My new albums are pretty different from each other. Hello was co-written with and produced by Cary Pierce. I did everything on You Know Who You Are completely on my own (writing, recording, engineering, etc). While Hello is more easily classified as "pop," I'm not sure about the genre of You Know Who You Are because it's a crazy meshing of different styles. Some people have referred to it as my "experimental" album because I played around with all sorts of different genres. What I'm really proud of in my music is that what I write is genuinely from my heart. The idea behind You Know Who You Are is that every song was written about someone in my life, and if they were to listen to the album with that in mind, they could figure out which song is about them. Because of this, I like to think that my music is easy for people to relate to. I would love for people to be able to use my music as a source of inspiration to help them get through difficult times or celebrate happy times.
How do you know Mason Taylor of A'tris and what was the experience like of working on a song with him?
I met Mason in 2008 at a songwriting workshop at Berklee College of Music and got to see A'tris perform as a part of the program. After that, we became friends on Facebook and emailed back and forth. I made a silly little video of a cover I did of "Automatic Doors" and Mason sent back a cover of the song I wrote for Born Free Foundation, "Beautiful Release." After exchanging a few more covers, we decided we should collaborate, so he sent me an A'tris's "song a week" song, "Letter From Home" for me to play cello and sing harmony on. After that, we collaborated on the cover A'tris released called "A Million Hungry Eyes" by Jonathan Seet. I love collaborating with other artists because you never know how your ideas will mesh with the other musician's. While you can hear each musician's influence in a collaborative effort, the sound as a whole is new. On top of that, A’tris has been very supportive of my music and gave me a lot of artistic freedom when recording my parts of the songs we worked on. I love having that freedom within collaborations.
Where do you hope to be in five years time?
Hopefully, in five years I will have finished my undergrad work, and maybe I’ll be playing shows all around the country or scoring films. I’m going to NYU's Steinhardt School for music composition and theory in hopes of having a focus on film scoring. The scoring that I got to do for Machete was such an awesome experience, I would love to work on more projects like that.
If you had to live without being involved in movies or being involved in music, which would it be?
That's a really tough question. I'm going to New York University for music composition and theory with a focus on film scoring, so I can't really imagine not being involved with both music and film in some sort of way.
What is your coolest film experience, and what does your acting future hold?
I've gotten to work on a lot of really cool films, so I'm not sure I can choose one particular experience that especially stands out. I’ve been involved with Robert Rodriguez’s Spy Kids series since I was eight years old. He’s a huge inspiration for me and I’ve learned a lot about the film industry and the hard work and drive it takes to accomplish your dreams from him. He, his crew, and the studios created a great environment to grow up in. It allowed me to learn from an early age how to be professional, but it also encouraged my creativity. I give Robert Rodriguez and Troublemaker Studios a lot of credit for who I am today as a professional.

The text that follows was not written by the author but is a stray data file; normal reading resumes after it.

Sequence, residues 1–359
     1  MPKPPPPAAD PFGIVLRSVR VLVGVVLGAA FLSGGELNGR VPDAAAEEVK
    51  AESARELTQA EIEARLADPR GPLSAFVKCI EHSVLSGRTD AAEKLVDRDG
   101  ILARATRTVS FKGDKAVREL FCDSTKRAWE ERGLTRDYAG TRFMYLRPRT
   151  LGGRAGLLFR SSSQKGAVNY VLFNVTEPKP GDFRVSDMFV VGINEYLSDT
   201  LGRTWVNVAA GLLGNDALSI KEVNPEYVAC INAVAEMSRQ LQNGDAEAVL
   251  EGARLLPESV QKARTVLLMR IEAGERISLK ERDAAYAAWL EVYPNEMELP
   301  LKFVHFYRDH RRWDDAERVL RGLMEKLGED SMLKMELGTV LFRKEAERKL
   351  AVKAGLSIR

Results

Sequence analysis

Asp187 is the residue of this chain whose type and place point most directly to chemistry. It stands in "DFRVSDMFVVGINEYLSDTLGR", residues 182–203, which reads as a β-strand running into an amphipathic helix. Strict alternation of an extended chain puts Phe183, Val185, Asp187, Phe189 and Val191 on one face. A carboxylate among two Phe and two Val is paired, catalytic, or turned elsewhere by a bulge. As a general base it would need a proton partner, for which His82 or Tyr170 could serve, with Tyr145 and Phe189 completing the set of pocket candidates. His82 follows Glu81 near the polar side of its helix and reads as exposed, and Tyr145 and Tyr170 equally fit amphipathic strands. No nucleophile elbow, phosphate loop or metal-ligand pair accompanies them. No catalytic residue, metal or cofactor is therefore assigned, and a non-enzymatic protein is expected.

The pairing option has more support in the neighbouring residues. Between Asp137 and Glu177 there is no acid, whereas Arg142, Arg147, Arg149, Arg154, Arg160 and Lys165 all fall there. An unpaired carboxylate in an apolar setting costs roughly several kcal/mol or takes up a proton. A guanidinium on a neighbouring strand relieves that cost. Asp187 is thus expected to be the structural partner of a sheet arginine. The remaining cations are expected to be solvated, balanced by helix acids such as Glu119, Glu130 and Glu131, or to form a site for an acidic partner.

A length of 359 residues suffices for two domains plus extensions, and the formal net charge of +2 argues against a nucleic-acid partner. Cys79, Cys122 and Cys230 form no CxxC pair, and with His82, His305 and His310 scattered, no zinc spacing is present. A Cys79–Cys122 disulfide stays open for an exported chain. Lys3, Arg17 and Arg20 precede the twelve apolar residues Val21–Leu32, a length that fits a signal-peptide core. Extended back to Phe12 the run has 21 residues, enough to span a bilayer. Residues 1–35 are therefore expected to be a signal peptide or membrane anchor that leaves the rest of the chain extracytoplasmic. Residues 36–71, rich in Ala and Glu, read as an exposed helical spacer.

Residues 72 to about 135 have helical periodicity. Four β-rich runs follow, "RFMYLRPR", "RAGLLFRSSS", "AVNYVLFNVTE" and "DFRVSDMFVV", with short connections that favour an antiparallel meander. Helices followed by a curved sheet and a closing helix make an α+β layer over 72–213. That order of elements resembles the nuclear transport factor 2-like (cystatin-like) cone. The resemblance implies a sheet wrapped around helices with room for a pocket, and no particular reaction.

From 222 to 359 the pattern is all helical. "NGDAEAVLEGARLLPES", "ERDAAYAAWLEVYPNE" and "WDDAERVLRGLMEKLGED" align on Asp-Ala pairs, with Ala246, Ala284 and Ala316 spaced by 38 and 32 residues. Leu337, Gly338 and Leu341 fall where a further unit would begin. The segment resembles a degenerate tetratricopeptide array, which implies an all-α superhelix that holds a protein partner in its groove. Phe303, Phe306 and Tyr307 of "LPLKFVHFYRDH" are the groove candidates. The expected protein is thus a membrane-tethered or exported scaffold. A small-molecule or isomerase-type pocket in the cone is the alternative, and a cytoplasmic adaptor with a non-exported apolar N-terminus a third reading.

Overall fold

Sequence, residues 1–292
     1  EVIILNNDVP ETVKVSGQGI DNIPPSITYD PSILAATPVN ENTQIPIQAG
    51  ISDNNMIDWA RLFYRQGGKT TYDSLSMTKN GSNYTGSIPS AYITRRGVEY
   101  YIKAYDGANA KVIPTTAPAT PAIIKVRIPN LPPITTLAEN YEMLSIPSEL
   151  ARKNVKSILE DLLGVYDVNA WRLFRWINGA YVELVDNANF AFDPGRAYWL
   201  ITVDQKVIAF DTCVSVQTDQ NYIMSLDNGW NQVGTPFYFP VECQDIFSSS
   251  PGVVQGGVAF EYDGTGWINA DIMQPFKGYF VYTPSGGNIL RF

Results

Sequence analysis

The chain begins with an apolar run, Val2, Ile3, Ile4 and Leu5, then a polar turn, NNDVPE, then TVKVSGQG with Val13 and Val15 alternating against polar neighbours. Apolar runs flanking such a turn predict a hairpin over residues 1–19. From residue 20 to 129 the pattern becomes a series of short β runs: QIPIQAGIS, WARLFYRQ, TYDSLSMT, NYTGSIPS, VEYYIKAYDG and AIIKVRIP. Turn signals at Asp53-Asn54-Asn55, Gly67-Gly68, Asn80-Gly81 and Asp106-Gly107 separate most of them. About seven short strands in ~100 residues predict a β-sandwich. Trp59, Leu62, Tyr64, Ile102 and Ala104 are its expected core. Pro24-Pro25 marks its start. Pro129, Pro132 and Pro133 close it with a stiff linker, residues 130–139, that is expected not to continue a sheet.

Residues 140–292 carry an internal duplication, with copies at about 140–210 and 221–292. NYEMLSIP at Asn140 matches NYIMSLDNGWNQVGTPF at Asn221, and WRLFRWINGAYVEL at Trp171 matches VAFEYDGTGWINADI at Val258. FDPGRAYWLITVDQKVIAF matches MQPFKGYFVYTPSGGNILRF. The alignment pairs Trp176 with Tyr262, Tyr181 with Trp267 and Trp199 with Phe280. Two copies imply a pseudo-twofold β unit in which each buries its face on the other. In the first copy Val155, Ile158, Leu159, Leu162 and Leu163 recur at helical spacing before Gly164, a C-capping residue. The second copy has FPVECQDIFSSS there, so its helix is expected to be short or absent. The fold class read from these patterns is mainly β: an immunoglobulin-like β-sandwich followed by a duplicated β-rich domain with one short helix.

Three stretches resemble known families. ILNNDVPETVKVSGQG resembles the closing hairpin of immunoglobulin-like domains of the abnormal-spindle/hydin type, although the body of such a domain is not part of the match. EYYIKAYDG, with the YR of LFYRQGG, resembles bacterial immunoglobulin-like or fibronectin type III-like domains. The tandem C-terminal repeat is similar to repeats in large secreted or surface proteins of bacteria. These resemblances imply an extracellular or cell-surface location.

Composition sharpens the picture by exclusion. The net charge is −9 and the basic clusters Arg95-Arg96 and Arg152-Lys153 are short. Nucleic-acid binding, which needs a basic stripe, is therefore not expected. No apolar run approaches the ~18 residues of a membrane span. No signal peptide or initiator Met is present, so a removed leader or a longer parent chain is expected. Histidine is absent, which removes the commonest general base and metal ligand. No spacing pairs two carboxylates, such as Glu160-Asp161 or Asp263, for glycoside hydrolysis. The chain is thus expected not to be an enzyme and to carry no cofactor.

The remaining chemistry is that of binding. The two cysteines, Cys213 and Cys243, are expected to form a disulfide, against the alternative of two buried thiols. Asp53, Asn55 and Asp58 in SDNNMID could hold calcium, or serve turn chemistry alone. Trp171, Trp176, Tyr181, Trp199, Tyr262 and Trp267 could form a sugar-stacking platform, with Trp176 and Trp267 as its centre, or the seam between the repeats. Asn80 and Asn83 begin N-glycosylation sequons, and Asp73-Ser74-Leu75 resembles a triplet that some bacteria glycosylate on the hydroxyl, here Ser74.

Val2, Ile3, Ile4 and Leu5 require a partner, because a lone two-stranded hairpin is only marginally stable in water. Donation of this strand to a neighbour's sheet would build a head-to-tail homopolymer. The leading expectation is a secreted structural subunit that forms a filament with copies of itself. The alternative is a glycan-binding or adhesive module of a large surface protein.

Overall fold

Now I do whatever acting comes my way, but I'm not necessarily "pursuing" acting work as much as I am my music.
What's been your biggest rock star moment as a musician so far, and what's a goal/dream of yours?
Recently, I got to open for Erykah Badu at a fundraiser for my high school, Booker T. Washington HSPVA. The concert was set up in our brand new theater and her engineer ran sound for me, so it sounded so full and rich. The audience was amazingly responsive. That night, it was just me with my guitar, so I was a little bit nervous, but once I started playing, I was so comfortable with everyone in the auditorium, even though I couldn’t see them. I’ve had some awesome shows, but this was especially memorable.
As far as dreams and goals go, at some point, I would LOVE to collaborate with U2. I really appreciate the thought they put into their music and I love their sound, not to mention how powerful Bono’s voice is. They’re a band I really look up to. I wore my “stand up to rock stars” tank top until the letters faded. I need a new one!
If you could give one piece of advice to young people interested in the arts, what would it be?
Being successful in the arts takes a lot of patience and a lot of hard work. I've learned that one really has to be open to taking criticism and experimenting. I've also learned that it's good to try to go out of your comfort zone in your art to see where it takes you. But most of all, it really all takes time. Success doesn’t come over night. Just like everything else, you get out of it what you put in to it, so if you’re willing to work hard and give it your all and understand that success is not an instant thing, you’ll probably be happy with your results.
Anything else you want to ad or talk about?
Yes! I'm really excited to announce that I have a gig in New York at The Bitter End on June 16th at 8 PM. It'll be my New York debut, so I'm really looking forward to it! You can find information about tickets here: http://www.bitterend.
com/ or call (212) 673-7030.